Series takes stab at real military

Many are called. Few are chosen. That biblical adage applies to the jet fighter pilot candidates at Tyndall Air Force Base in Panama City, Fla. Thousands of applicants apply, but only a few good men get to learn to fly the F-15 Eagle. Their story unfolds on the new military reality series "AFP: American Fighter Pilot" (7 p.m., CBS). Directors Tony Scott ("Top Gun") and Ridley Scott ("Gladiator," "Black Hawk Down") serve as executive producers.

Fighter pilots and screen drama have always made a popular combination. From the time "Wings" won the very first Best Picture Academy Award in 1928 to Tom Cruise's star turn in the 1985 hit "Top Gun," audiences have thrilled to the aerial bravado and high-testosterone personalities of flying aces.

The series follows three candidates, Todd Giggy, Marcus Gregory and Mike Love as they study and train at Tyndall. The series plays up their different personalities. With his bleached-platinum hair and rambunctious attitude, Todd has been cast as the rebel. Marcus worries that his devout Christianity will upset his rivals. An experienced B-1 bomber pilot and father of two, Mike discovers that he has much to learn and un-learn before he can master the F-15 Eagle. Make no mistake, the F-15 is clearly the star of the series.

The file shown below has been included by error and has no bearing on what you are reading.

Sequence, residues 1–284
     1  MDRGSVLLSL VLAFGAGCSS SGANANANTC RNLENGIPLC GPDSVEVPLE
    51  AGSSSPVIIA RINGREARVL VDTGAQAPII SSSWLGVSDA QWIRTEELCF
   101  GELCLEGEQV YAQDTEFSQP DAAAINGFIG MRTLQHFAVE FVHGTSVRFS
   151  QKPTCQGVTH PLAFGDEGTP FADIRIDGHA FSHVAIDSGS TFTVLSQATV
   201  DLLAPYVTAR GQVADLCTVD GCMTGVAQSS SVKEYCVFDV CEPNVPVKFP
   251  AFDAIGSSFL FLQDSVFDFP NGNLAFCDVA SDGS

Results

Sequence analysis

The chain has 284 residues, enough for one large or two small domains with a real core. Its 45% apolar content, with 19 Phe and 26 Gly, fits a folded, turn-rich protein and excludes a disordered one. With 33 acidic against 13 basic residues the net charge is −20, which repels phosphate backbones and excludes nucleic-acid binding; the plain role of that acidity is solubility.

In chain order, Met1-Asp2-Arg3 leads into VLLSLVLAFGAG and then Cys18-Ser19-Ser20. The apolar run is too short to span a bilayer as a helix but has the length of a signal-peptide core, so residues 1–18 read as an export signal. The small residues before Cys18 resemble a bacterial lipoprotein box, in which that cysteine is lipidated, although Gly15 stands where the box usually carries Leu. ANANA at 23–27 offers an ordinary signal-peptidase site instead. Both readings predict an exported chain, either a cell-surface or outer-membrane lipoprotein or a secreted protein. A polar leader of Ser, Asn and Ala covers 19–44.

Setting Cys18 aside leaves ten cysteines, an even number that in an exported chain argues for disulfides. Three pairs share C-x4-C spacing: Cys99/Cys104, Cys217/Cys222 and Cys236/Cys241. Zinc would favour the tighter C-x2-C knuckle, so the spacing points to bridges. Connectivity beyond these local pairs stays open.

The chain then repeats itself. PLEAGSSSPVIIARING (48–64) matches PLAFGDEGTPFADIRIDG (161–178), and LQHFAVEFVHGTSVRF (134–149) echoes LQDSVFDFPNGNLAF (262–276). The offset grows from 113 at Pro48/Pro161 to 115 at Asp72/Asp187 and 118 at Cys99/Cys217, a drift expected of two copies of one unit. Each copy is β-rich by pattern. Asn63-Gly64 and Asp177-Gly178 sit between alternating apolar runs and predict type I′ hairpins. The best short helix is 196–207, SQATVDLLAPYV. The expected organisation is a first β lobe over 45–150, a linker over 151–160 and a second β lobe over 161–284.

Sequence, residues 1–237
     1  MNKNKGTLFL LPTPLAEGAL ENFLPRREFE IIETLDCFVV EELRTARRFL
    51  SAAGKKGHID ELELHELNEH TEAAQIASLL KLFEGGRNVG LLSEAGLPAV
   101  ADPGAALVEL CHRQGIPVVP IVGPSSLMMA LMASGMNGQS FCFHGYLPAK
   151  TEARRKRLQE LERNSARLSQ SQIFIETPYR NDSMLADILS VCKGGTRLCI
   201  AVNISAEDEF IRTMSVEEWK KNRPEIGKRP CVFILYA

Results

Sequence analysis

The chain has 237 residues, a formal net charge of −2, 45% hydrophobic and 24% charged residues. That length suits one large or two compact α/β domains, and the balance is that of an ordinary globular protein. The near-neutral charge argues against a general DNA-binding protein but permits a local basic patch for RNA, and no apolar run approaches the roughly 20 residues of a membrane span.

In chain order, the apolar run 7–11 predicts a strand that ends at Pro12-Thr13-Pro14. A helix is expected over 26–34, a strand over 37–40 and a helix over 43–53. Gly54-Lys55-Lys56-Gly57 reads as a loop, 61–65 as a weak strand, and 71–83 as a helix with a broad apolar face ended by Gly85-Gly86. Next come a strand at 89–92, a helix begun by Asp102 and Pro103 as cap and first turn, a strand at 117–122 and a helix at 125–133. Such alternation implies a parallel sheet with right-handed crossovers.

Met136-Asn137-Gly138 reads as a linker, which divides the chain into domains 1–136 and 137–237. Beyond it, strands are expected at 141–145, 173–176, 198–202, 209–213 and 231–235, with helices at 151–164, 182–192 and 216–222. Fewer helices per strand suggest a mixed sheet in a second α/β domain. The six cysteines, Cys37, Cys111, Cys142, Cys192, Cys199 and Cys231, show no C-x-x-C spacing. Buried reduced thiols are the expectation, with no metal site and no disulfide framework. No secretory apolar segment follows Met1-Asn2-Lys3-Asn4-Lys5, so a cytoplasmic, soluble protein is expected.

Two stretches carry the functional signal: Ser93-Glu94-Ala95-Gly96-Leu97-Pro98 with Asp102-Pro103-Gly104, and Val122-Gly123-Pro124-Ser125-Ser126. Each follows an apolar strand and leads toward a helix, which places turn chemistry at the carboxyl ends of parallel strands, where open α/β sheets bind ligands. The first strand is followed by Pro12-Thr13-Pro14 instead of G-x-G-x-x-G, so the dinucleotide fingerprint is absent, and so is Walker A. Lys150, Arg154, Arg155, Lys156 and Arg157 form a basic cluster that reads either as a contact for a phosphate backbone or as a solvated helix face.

Unfortunately, "AFP" is a lot closer to "Real World" than "Top Gun." Unlike a two-hour movie that can condense the tedium of pilot training into a zippy 45-second montage accompanied by a Kenny Loggins song, the education of Giggy, Gregory and Love grinds on and on. To make matters worse, the makers of the series present even the most banal moments with a rapid fire editing style. This might work well during dogfights, but it seems silly during quieter moments. Dialogue is frequently repeated for effect and even appears once again in flashing boxes of text. The results are annoying and frequently ridiculous. For all of its dramatic potential, macho swagger and post-9/11 patriotism, "AFP" is seriously undercut by its hyperactive, video game-like style.

� Media mergers allow a few corporations to control an increasingly large slice of the television pie. Is that frightening? Or merely obnoxious? Judge for yourself when Viacom "freezes" programming on 13 of its networks to promote today's launch of the Viacom-Paramount-Nickelodeon adventure movie "Clockstoppers."

At 4 p.m., and 7 p.m. the following networks will participate in the same moment of hype: BET, CMT, MTV, MTV2, Nickelodeon, Nickelodeon's Games & Sports, Noggin, TNN, TV Land, VH1, VH1 Classic, VH1 Soul and VH1 Country. Viacom also owns CBS and UPN, but they will not participate in the big "freeze."

Tonight's other highlights

� Syd has a disturbing symbolic dream featuring a home-shopping network host (Morgan Fairchild) on "Providence" (7 p.m., NBC).

� Scheduled on "Dateline" (8 p.m., NBC): Is a husband responsible for his wife's death in an auto accident? Postponed from an earlier date.

� Molly meets her wacky new neighbors (Howard Hesseman and Susan Ruttan) on "Maybe It's Me" (8:30 p.m., WB).

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